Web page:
NASSR-L Discussion on Teaching Romantic-period Women
Extracted from postings to the NASSR-L discussion list, September
Also relevant is the NASSR-L discussion of Hemans,
Aesthetics and the Canon to be found on another Romantic
Circles page, July 1997
September 13, 1997
The other day I was asked a question that I couldn't answer.
I'm seeking the help of any and all on the list in answering the
question/s, How many seminars or courses (undergrad; grad)
have been offered as yet on the women poets of the Romantic period?
More particularly, in my case, have any been offered that focus
greatly or even entirely on Felicia Hemans? (I expect more positive
answers to the first than the second question.)
Likewise, how many such courses (the women poets; Hemans) are in
the planning or projected stage?
Anyone with information may respond privately or, as desired, in
the wider forum. I will do my best to return to the list with
my findings when they seem complete.
Thanks in advance to those who respond. Nan Sweet, firstname.lastname@example.org
September 15, 1997
Dear Nan (and others),
I gave a graduate seminar a few years ago
on "Romantic Women Writers"; we put about two-thirds of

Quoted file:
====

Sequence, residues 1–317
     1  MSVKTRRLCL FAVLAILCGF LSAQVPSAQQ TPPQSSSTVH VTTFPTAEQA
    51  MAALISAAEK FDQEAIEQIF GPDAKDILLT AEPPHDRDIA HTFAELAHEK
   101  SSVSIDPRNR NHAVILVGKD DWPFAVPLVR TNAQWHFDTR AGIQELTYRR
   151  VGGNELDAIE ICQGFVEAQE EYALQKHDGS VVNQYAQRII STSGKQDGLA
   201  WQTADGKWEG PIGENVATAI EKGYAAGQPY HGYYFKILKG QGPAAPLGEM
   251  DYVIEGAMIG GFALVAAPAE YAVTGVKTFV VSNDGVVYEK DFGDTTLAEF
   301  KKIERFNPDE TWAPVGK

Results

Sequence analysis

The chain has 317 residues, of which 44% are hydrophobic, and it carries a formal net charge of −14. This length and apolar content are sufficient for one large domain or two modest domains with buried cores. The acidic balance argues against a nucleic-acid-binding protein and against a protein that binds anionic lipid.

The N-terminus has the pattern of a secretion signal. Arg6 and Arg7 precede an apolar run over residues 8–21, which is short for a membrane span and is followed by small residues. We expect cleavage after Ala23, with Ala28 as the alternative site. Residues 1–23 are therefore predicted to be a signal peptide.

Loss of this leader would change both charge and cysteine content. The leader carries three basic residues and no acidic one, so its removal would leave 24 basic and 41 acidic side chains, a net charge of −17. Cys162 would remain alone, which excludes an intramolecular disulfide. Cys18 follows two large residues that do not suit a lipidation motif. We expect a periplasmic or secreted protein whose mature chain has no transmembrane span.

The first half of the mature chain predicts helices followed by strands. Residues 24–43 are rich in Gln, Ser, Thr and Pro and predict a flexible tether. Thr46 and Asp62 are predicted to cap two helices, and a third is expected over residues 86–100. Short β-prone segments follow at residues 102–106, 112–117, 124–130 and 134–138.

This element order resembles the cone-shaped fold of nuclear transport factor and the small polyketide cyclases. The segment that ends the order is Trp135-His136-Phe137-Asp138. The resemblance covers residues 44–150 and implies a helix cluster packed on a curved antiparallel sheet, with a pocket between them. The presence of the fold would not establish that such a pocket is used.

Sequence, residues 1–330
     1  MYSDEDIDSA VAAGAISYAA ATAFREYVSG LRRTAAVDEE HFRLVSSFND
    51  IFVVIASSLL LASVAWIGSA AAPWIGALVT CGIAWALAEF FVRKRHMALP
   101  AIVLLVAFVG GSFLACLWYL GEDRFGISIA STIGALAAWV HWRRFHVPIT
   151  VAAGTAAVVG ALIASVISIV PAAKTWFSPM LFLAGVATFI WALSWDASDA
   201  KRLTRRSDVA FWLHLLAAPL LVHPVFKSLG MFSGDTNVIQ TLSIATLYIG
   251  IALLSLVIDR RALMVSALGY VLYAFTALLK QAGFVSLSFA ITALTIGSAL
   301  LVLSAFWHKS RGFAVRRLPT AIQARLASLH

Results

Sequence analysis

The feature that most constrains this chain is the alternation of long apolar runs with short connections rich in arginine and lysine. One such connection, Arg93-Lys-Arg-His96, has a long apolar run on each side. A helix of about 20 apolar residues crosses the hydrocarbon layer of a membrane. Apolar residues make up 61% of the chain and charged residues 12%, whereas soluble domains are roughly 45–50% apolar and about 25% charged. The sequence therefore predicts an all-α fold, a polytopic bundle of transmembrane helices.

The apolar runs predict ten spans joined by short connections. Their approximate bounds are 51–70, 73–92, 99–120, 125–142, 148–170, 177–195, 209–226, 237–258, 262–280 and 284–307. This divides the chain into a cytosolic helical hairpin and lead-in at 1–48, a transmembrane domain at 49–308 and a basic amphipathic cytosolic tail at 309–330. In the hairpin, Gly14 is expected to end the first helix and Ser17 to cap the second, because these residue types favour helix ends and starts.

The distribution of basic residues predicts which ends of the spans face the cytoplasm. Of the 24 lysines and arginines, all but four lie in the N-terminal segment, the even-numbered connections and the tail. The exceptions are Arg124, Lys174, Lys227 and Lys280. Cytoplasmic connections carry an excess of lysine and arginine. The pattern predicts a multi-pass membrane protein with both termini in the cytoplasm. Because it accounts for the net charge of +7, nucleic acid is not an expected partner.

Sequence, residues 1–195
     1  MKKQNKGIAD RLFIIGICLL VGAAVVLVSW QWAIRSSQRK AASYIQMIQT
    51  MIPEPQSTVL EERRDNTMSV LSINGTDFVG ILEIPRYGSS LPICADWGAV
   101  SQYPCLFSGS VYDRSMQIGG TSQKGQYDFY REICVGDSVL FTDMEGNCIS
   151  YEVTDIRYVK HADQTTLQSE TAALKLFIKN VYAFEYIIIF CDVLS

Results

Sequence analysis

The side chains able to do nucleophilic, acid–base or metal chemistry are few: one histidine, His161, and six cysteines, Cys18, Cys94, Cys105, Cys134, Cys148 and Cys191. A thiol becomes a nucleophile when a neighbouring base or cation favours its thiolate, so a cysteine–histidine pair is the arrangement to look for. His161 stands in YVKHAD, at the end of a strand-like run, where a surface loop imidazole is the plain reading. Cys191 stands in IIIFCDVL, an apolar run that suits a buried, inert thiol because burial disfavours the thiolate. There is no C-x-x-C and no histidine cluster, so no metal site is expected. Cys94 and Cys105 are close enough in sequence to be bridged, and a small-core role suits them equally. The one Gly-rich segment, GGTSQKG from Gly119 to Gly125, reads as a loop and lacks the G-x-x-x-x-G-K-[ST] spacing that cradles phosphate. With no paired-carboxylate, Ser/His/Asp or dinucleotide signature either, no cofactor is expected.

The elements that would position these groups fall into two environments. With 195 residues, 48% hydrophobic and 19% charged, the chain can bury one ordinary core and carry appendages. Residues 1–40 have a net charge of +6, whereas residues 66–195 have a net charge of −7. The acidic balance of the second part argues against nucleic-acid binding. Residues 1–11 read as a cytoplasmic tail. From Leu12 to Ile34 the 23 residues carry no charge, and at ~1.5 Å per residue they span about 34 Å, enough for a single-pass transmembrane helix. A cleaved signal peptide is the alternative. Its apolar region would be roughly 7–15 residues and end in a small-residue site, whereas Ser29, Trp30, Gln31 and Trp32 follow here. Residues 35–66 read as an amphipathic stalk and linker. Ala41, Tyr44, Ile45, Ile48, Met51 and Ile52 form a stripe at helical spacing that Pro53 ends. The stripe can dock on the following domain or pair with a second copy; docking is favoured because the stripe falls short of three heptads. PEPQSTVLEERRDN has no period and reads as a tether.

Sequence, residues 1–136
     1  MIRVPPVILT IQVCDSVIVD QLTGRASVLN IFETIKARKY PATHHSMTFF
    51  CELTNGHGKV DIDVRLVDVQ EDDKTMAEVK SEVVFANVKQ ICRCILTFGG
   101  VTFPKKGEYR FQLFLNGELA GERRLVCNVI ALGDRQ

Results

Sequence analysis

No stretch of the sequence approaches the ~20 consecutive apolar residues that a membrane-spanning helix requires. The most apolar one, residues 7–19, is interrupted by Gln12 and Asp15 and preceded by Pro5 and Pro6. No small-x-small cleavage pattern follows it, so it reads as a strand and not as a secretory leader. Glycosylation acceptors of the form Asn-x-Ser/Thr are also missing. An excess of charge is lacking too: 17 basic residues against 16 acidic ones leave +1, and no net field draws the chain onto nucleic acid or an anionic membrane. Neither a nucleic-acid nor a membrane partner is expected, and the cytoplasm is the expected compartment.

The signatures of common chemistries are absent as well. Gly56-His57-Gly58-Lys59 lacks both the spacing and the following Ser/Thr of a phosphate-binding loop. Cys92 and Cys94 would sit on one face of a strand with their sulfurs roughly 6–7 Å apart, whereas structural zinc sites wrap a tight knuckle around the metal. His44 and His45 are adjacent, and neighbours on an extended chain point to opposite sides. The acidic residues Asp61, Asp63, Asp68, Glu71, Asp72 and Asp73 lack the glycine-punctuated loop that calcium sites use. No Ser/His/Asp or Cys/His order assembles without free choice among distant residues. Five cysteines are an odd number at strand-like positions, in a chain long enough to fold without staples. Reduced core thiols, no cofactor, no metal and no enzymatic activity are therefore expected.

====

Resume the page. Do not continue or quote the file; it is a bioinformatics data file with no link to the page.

our emphasis on poets, partly to enable us to survey rather more
than a greater focus on prose permits. I offer every year to repeat/revise/revisit
this seminar, but our vice chair controls the offerings and so determines
whether it will happen. So far, it has not, despite student interest.
I've not been able to get a Romantic Women
Poets course into either the undergrad or the grad curriculum here,
and so have had to make do with my expansive and much-revised course
in Romantic Poetry generally, which includes about equal numbers
of men and women. As above, I can only offer (and lobby), but cannot
push the button that gets a course up for enrollment.
I too am interested to learn what's happening
Steve Behrendt, U of
September 15, 1997
I have taught both Hemans and Landon in my Late Romantic Writers
course but I have yet to devote a whole seminar to the women poets.
I do think, however, that I could teach such a course here at Georgia
and that it would be fully enrolled.
My colleague, Tricia Lootens, offered a seminar on Romantic Women
Poets last Spring. She taught a great deal of Hemans and Landon
but her focus was on their status as bridge poets between the Romantic
and the Victorian periods. Her seminar was fully enrolled and her
students were uniformly interested in the material. On a sadder
note, however, many of the graduate students were woefully ignorant
of the "canonical" male poets and Tricia found herself
offering several brief lectures on Wordsworth, Coleridge, Byron,
University of Georgia
To submit a comment about teaching women writers, go
to the Anthologies Page online
Or, participate in an online forum
discussing anthologies and canon reform.